TOA/V: Straight to Hell Returns

So I got to meet Alex Cox at the Hudson Basilica run by former Hole member Melissa Auf der Mauer (who introduced him) and see the rejiggered STRAIGHT TO HELL RETURNS so how big was my smile? Very! I love this film. I felt for years as if I were the only person crazy enough to do so (though Bertie is too if only by osmosis), but it was so great to see it with new colouring, cleaned up and with some of the missing bits restored as well as the final song from Strummer. How was it Awesome. I won’t pretend to have any critical distance about this film. It only improves upon reacquaintance. I was laughing my head off.

We don’t half live in hipsterville, eh? Many of the local varieties in attendance. We should write a guidebook to the varieties.

The basilica is an amazing space. I was imagining all the things that might be done with it. I have to read up a little more on their plans. Hudson really is chock full of — yes, hispters — but also people who are trying to do cool things with the space here. I’m all for it.

Cox talked about the making of the film — how a planned tour in support of the Sandinistas fell through and he had bands with time on their hands, film crew and Joe Strummer’s love of Almeria. Three days to script and boom. They were on their way. He spoke graciously of Tarantino ripping off paying homage to Sy Richardson’s role (the man does not get the respect he deserves) with Samuel L. Jackson’s take on the role in Pulp Fiction. You cannot see this film and have any doubt about that debt. Cox is teaching in UC Boulder and seems to enjoy working with the students and is ambivalent about working in Hollywood. He characterised it as getting rid of all the people with talent and filling up the studios with not very smart admin — just like academia.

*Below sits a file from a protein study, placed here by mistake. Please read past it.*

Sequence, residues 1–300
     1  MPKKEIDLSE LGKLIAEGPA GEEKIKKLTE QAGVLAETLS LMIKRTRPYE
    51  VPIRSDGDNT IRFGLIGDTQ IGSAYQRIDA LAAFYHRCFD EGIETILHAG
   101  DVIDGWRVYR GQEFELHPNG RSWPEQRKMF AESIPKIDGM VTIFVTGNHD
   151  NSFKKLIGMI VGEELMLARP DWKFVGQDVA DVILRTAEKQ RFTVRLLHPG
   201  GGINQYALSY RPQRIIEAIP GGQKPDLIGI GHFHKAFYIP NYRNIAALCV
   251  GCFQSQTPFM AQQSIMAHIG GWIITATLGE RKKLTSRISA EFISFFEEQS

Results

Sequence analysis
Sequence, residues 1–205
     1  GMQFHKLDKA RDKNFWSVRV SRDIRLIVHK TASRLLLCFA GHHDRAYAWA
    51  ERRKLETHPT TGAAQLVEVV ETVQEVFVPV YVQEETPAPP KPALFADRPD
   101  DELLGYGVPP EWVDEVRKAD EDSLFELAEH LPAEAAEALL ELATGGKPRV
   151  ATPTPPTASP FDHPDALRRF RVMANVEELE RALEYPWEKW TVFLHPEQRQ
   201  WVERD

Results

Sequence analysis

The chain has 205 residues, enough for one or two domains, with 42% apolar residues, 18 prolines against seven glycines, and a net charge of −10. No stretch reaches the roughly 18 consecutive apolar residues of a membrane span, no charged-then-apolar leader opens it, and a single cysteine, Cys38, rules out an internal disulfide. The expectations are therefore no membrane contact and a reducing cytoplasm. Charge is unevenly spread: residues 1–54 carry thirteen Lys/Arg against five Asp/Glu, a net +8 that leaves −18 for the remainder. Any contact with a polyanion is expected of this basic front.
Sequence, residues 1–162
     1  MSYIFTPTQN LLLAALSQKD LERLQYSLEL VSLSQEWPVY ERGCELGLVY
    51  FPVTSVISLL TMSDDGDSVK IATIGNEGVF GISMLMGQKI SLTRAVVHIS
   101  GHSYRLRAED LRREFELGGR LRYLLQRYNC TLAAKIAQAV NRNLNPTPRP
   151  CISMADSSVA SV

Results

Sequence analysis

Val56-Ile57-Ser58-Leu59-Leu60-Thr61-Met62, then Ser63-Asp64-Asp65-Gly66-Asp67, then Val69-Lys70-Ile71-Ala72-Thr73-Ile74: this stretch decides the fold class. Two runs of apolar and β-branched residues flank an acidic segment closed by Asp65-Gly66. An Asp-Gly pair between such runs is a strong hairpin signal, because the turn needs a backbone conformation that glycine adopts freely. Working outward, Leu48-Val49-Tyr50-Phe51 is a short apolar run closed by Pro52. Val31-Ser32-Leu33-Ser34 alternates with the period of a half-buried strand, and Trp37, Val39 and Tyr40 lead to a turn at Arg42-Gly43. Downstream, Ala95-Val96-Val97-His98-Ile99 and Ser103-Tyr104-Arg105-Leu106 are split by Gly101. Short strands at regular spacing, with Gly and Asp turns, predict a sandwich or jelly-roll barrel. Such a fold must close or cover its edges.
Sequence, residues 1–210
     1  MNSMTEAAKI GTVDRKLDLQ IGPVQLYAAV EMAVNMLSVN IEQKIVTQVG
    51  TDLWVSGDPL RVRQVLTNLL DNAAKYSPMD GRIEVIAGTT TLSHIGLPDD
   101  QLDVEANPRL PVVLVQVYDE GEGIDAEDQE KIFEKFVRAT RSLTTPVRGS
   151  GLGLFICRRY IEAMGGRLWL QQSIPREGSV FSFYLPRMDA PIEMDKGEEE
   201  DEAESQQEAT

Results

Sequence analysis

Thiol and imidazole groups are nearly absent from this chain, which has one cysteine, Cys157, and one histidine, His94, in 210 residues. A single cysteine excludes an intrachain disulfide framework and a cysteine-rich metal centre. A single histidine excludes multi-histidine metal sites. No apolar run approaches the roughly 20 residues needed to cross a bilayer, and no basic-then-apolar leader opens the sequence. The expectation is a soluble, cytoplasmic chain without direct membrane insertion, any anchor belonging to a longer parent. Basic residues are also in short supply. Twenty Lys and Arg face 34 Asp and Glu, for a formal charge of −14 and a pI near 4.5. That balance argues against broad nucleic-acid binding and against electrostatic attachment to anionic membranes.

No argument here.

I got to ask him a couple questions including whether the cameos were planned or just whoever happened to be in Spain at the time. A combination: Grace Jones was filming Siesta and stopped by. Dennis Hopper had just got clean and his manager was keen to keep him far from temptations so he was available. Cox spoke about how impressive Hopper’s work was, his ability to be natural that he tries to convince young actors to hold onto: “Every reaction is a gift” which captured it perfectly. In contrast to Shane MacGowan who couldn’t repeat a take no matter what but was always entertaining. The Pogues on the whole were very good — and I’m not just saying that because they looked so good in their bandito outfits especially Jimmy Fearnley and Spider Stacey (rowr). I also asked about how he got to work with Kathy Burke who is such a phenomenal woman; again it was sort of coincidences but he went on at length to talk about how amazing she is (hope the hipsters were taking notes).

As we were leaving I told him how obsessed I was with the film when it came out. Nice to have the opportunity. And be sure to check out Cox’s books on films including his Spaghetti Western book, 10,000 Ways to Die.

Be sure to check out all of Tuesday’s Overlooked Audio/Visuals at Todd’s blog.


  1. Crispinus says:

    Sounds awesome. Makes me want to revisit the film, which I haven;t see in a looong time.

    1. katelaity says:

      I always adored it but I genuinely find it funny — and it was really so far ahead of its time that I think it works better now.

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